Mike Fernandez is the U.S. CEO of Burson-Marsteller based in New York. Previously, Fernandez led global corporate affairs at Cargill and has served as chief communications officer for four Fortune 500 companies including State Farm, ConAgra, Cigna and US West. Early in his career, Fernandez served as press secretary to U.S. Senator Ernest Hollings, where at age 23 he was the youngest U.S. Senate Press Secretary ever and only the second Latino to serve in such a role.
The Art of Being More in a World of Change
Ours is an era of rapid scientific discovery, technological advancement, healthcare and educational improvement and business growth—and yet the pace of change will never be slower. This also makes it an extraordinary time to be a public relations professional.
PR professionals are being asked to be more and play bigger roles in their organizations than ever before. It is not enough to be a good communicator or writer, or be adept at organizing events and campaigns or designing clever websites. The complexities of our world require PR professionals to think deeply, act quickly, ask the right questions and solve problems.
In many ways I was made for this world. My mother grew up in an orphanage in a South Carolina mill town and my father was one of nine children in Spanish Harlem with parents who had come to the States from Cuba and Puerto Rico. Before I entered college, we lived in four states, and I attended nine different schools. Those moves, along with a foot in two cultures, forced me to become more adaptable—to see change as positive, seize opportunity in the face of challenge, and become an acute student of the world.
It also helped that the Jesuits at Georgetown University, where I was a scholarship student, prompted us to ask good questions rather than accept the status quo. That orientation would serve me well on Capitol Hill—and through a long career in public relations.
While working at State Farm, these formative experiences helped me to prompt a program that led to market share gains and an enhanced reputation for the company. The day after the U.S. Senate voted to defeat comprehensive immigration reform in June 2007, State Farm CEO Ed Rust and I attended a lunch at the National Association of Latino Elected and Appointed Officials (NALEO). The featured speaker, U.S. Senator Mel Martinez, came to Florida at the age of 15 from his native Cuba to live with foster parents. He was hurt and impassioned by the failed vote, and brought the audience to its feet. Ed Rust turned to me and asked, “Is there something we can do?”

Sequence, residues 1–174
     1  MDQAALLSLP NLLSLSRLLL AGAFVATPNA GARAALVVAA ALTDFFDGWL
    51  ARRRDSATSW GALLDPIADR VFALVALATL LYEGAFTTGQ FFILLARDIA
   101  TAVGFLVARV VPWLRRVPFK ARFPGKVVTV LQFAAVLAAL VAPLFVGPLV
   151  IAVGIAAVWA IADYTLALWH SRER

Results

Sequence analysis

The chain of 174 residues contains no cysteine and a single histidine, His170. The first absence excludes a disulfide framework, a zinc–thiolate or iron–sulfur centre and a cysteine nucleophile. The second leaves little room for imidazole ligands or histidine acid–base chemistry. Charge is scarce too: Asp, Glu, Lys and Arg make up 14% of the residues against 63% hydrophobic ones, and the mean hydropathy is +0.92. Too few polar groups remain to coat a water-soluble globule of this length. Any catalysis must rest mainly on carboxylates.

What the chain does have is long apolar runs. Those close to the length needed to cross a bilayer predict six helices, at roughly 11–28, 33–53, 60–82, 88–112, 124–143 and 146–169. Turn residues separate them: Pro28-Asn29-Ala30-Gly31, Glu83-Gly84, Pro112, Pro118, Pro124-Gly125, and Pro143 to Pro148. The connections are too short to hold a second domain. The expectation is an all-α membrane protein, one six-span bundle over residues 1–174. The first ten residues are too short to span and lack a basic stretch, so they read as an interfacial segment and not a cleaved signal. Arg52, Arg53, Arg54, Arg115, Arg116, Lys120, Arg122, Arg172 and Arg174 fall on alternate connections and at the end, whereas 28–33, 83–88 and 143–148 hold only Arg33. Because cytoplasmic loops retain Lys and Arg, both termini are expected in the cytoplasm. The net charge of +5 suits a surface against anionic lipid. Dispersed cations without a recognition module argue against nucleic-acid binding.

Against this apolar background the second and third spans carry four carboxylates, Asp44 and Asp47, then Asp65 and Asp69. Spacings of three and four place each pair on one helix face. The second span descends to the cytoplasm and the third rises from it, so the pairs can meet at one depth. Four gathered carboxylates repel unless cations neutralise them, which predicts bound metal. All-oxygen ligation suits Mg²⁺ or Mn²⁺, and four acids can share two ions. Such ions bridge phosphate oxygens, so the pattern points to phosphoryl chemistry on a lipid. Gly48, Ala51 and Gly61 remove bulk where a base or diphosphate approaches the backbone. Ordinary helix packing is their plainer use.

I remembered as a child that those who served as citizenship sponsors for my grandfather were treated as a part of our extended family. Wouldn’t it be great, I thought, if State Farm agents could be valued similarly?
This led us to launch a fully integrated effort that went well beyond the traditional role of a COO. We established a partnership with NALEO’s citizenship efforts, and we enlisted State Farm agents operating in Latino barrios (and later in Asian neighborhoods) into a program where they could serve the role of “sponsor” for future citizens and use their offices for English-language training and tutoring for the U.S. citizenship civics exam. We improved State Farm’s reputation within these communities and agents participating in the program increase their business. Overall State Farm’s share of the U.S. Latino market increased significantly.
In short, we strengthened our business and made a positive mark on the world. Being a public relations professional requires you to understand not only yourself, but also the values of other people and cultures—and to be a problem solver. Today the world is more complex—but if we apply ourselves well, our roles can be more interesting and urgent than ever.
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